Note 2. Because the compound CH2=SiH2 is quite well known in the literature as silene (ref 18), this name cannot be used for the mononuclear parent radical and/or H2Si:. The name "silylene" (ref 12a) is widely used in the literature and in CAS index nomenclature (ref 13c).
Note 3. A generally accepted principle of substitutive nomenclature does not allow a structure containing a carbene carbon atom in a carbon chain or ring to be named as a derivative of carbene or methylene; therefore, such structures should be named according to RC-18.104.22.168 or RC-22.214.171.124, below. However, such radicals are included in the general class known as carbenes.
Note. Although the traditional names methylene (ref 2t), aminylene (ref 2r), and silylene (ref 12a), are used in RC-126.96.36.199 above, the suffix "-ylene" for describing other divalent radical centers is no longer recommended (see RC-80.5).Examples:
[the traditional name is phosphinidene (ref 12b),
but phosphinediyl according to the 1979 IUPAC
Organic Rules (ref 4m)]
(traditional parent hydride name (ref 14))
(trivial name: hydrazono (ref 2u))
[replacement name (ref 3g)]
(Hantzsch-Widman name (ref 3e, 11))
Note. The trivial name "benzyl" is not used as a substituent prefix when a-substituted (see footnote to item 17 in the Appendix, List A).
Note. Use of the λ-convention (ref 16) to describe a radical center derived by the loss of two hydrogen atoms from a skeletal atom that is in a valence state higher than the standard one is ambiguous because it would not be clear whether the name was describing a standard valence state or a divalent radical center derived from the higher valence state. However, the use of the λ-convention to describe a radical center that is in a lower valence state than the standard one may be useful for naming radical ions (see RC-85.2).Examples:
Note. This procedure is exactly analogous to the use of "indicated hydrogen" to describe saturated ring positions that remain after the introduction of suffixes for principal characteristic groups, such as "-one", into the name of a parent ring or ring system that otherwise expresses the maximum number of noncumulative double bonds (ref 2g).Example:
1. International Union of Pure and Applied Chemistry. Organic Chemistry Division. Commission on Nomenclature of Organic Chemistry, Nomenclature of Organic Chemistry, Sections A, B, C, D, E, F and H, 1979 ed., Pergamon Press, Oxford, 1979, 559 p.
2. Reference 1, Section C, pp. 79-322: [a] Subsection C-0.8, pp. 133-43; [f] Rule C-16.1, p. 108; [g] Rule C-315.1, p. 172; [k] Rule C-502, pp. 210-1; [r] Rule C-81.2, p. 134; [s] Rules C-218.1, p. 161; and C-81.1, pp. 133-4; [t] Rule C-81.1, pp. 133-4; [u] Rule C-922.1, p. 288.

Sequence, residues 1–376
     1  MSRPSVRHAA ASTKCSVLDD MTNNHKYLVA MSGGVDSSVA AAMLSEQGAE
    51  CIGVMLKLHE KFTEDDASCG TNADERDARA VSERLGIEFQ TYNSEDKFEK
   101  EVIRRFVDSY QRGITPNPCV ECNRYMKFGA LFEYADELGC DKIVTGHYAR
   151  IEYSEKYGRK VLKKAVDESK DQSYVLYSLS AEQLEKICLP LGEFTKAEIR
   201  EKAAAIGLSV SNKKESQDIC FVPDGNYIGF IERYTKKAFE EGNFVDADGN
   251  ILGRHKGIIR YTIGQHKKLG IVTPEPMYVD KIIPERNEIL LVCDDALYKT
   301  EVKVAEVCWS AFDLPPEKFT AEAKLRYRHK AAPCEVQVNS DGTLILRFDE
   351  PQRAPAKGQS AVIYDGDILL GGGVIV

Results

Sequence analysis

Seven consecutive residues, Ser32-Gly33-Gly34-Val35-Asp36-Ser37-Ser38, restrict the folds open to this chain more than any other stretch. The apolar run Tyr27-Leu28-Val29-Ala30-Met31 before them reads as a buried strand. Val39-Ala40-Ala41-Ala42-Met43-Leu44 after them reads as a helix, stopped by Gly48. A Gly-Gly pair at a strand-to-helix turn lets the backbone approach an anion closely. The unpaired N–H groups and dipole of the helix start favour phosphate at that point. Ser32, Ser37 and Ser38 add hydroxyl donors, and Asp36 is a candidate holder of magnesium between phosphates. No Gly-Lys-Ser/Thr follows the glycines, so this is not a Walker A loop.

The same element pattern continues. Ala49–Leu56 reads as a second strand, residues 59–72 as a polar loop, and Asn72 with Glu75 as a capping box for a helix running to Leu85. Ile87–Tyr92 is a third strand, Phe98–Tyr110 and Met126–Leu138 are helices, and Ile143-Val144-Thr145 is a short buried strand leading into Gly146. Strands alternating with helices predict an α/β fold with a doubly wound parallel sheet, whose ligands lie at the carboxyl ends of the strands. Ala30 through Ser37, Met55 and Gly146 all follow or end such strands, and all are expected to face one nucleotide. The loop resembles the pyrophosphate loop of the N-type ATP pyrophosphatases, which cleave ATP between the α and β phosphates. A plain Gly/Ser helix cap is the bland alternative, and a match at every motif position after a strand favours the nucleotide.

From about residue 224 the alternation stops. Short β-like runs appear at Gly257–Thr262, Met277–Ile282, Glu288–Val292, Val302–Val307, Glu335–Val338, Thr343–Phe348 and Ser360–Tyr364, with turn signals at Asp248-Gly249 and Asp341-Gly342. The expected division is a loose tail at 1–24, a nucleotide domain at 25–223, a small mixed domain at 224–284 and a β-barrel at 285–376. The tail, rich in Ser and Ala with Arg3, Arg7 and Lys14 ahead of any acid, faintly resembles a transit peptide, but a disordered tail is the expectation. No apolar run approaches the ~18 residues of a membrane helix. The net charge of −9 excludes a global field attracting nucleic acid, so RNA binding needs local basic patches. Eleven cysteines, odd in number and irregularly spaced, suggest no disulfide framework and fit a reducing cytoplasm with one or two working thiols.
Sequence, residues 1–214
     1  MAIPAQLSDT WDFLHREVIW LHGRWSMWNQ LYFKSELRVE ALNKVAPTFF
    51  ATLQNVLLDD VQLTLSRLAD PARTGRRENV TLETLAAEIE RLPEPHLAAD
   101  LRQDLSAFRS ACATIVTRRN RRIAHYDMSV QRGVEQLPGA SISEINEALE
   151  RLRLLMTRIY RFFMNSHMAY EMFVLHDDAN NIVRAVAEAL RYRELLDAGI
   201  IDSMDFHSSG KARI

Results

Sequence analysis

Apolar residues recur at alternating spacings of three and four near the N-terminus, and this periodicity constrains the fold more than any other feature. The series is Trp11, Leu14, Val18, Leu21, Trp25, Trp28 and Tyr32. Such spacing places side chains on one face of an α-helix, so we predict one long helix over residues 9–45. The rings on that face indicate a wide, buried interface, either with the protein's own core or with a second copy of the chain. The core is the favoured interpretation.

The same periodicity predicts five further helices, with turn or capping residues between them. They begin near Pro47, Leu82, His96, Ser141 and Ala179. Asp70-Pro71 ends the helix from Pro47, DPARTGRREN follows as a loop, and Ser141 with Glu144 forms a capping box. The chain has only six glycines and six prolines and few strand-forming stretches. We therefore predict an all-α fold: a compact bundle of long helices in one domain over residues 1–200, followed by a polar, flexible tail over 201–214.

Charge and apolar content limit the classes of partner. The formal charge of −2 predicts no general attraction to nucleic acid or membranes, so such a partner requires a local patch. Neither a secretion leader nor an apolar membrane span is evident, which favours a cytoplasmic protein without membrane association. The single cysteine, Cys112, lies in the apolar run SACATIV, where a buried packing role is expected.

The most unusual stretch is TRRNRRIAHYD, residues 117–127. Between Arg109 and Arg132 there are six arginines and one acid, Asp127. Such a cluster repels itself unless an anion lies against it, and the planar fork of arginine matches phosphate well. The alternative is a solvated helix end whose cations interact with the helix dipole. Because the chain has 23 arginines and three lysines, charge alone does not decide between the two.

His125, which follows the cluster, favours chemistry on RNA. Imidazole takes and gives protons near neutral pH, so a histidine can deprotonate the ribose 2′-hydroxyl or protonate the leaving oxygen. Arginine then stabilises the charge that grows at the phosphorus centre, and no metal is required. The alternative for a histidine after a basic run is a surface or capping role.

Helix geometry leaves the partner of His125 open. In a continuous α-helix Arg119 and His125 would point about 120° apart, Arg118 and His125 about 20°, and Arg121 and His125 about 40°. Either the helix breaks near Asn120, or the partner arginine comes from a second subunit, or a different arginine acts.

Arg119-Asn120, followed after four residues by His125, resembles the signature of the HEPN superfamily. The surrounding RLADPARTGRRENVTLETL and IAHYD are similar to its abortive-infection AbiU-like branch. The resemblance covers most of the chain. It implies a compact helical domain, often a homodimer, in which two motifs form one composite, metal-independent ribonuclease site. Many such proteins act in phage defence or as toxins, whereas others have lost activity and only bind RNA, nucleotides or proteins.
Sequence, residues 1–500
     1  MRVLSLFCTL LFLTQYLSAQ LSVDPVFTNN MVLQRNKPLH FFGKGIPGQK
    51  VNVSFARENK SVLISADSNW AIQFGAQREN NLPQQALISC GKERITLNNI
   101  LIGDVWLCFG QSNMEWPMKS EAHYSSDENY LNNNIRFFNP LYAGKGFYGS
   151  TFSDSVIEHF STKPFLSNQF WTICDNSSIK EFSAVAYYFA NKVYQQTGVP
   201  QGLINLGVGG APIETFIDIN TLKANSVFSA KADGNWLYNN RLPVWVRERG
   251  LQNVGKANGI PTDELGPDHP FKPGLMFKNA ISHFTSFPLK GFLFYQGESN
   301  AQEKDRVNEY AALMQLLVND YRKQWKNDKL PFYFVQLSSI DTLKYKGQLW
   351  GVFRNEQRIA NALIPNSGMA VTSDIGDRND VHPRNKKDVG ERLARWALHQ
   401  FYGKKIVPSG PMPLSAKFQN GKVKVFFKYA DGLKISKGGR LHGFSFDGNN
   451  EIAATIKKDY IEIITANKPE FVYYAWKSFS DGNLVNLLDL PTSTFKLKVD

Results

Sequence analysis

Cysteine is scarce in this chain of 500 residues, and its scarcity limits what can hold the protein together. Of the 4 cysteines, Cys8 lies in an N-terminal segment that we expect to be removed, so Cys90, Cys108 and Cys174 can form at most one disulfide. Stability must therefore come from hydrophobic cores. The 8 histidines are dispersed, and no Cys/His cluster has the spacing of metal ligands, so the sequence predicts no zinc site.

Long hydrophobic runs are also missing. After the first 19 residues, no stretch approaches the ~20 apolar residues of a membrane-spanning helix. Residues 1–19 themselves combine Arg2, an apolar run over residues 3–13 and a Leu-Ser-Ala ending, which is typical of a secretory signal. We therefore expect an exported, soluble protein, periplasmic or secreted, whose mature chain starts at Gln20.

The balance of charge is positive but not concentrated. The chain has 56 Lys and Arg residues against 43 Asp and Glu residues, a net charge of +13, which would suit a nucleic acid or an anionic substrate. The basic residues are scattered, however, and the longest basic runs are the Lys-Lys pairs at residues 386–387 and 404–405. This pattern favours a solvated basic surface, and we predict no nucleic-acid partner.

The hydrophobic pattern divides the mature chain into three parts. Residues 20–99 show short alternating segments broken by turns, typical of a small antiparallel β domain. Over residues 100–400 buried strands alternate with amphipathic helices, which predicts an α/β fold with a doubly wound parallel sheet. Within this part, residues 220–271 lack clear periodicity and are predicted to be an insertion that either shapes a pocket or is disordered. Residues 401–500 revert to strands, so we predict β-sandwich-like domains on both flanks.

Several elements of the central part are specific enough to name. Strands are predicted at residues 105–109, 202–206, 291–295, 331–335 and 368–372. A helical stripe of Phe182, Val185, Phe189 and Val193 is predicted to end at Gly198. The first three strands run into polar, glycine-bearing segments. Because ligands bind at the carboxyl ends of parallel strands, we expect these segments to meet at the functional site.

3. Reference 1, Section B, pp. 53-76: [e] Rule B1.1, pp. 53-5; [f] Rule B-5.11, p. 70; [g] Rule B-4, p. 68-70.
4. Reference 1, Section D, pp. 323-471: [c] Rule D-4.14, p. 374-5, esp. footnote, p. 374; and Rule D-6.12, pp. 409-10, Note. p. 410; [g] Rule D-5.11, p. 384, footnote; [h] Rule D-5.66, pp. 403-4; [i] Rule D-5.12, pp. 385-6; [j] Rule D-7.3, pp. 433-4; [k] Rule D-5.74, P. 407; [m] Rule D-5.14, p. 387.
6. International Union of Pure and Applied Chemistry. Inorganic Chemistry Division. Commission on Nomenclature of Inorganic Chemistry, Nomenclature of Inorganic Chemistry, Recommendations 1990, G. J. Leigh, ed., Blackwell Scientific Publications, Oxford, England, 1990, 289 p. [b] Section I-188.8.131.52, pp. 83-5, Table 17.2; [c] Section I-184.108.40.206, p. 113; [d] Section I-220.127.116.11, pp. 114-5.
7. International Union of Pure and Applied Chemistry, Compendium of Chemical Terminology (IUPAC Recommendations), V. Gold, K. L. Loening, A. D. McNaught, P. Sehmi, compilers, Blackwell Scientific Publications, Oxford, 1987, 456 p.
10. Reference 1, Section A, pp. 5-52: [f] Rule A-4, p. 14, ** footnote; [g] Rules A-1.2, p. 5; A-2.25, pp. 6-7; A-3.5, p. 13; A-4.1, p. 14; and A-4.4, p. 15; [i] Rules A-1.2, p. 5; and A-11.2, p. 16; [j] Rule A-11.4, p. 17; [k] Rule A-24.2, p. 29-30, Exceptions, p. 30; [m] Rule A-31.4, p. 32; [n] Rule A-43, pp. 41-2.
11. International Union of Pure and Applied Chemistry. Organic Chemistry Division. Commission on Nomenclature of Organic Chemistry, Revision of the Extended Hantzsch-Widman System of Nomenclature for Heteromonocycles, Recommendations 1982, Pure Appl. Chem. 55, 409-16, 1983; [a] ibid. Recommendation RB-1.5; [b] ibid. Recommendation RB-1.2.
12. American Chemical Society, "Report of the ACS Nomenclature, Spelling and Pronunciation Committee for the First Half of 1952": [a] F. Organosilicon Compounds, Chem. Eng. News 30, 4517-22 (1952); [b] E. Organic Compounds Containing Phosphorus, ibid., 4515-22.
13. American Chemical Society, "Chemical Substance Index Names", Appendix IV in the 1987-1991 Chemical Abstracts Index Guide, Chemical Abstracts Service, Columbus, Ohio, 1992: [b] §294, Illustrative List of Substituent Prefixes, pp. 236I-242I; [c] §187, p. 176I.
14. International Union of Pure and Applied Chemistry. Inorganic Chemistry Division. Commission on Nomenclature of Inorganic Chemistry, "Nomenclature of Inorganic Chemistry: II.2. The Nomenclature of Hydrides of Nitrogen and Derived Cations, Anions, and Ligands (Recommmendations 1981)" Pure Appl. Chem. 54, 2545-52 (1982), Rule II.2.1, p. 2546.
15. American Chemical Society, "The Naming and Indexing of Chemical Substances from Chemical Abstracts" [a reprint of the Introduction to the Subject Index of Volume 56 (January-June 1962) of Chemical Abstracts, Chemical Abstracts Service, Columbus, Ohio, 1962, §255-7, pp. 41N-42N].
16. International Union of Pure and Applied Chemistry. Organic Chemistry Division. Commission on Nomenclature of Organic Chemistry, Treatment of Variable Valence in Organic Nomenclature (Lambda Convention), Recommendations 1983, Pure Appl. Chem. 56, 769-78 (1984).
17. International Union of Pure and Applied Chemistry. Organic Chemistry Division, (a) Commission on Physical Organic Chemistry, Glossary of Terms Used in Physical Organic Chemistry, Recommendations 1982, Pure Appl. Chem. 55, 1281-371 (1983); (b) Commission on Photochemistry, "Glossary of Terms Used in Photochemistry, Recommendations 1988", Pure Appl. Chem. 60, 1055-106 (1988).
18. See, for example, G. Raabe and J. Michl, Chem. Rev. 85, 419-509 (1985), Part III, pp. 442-84.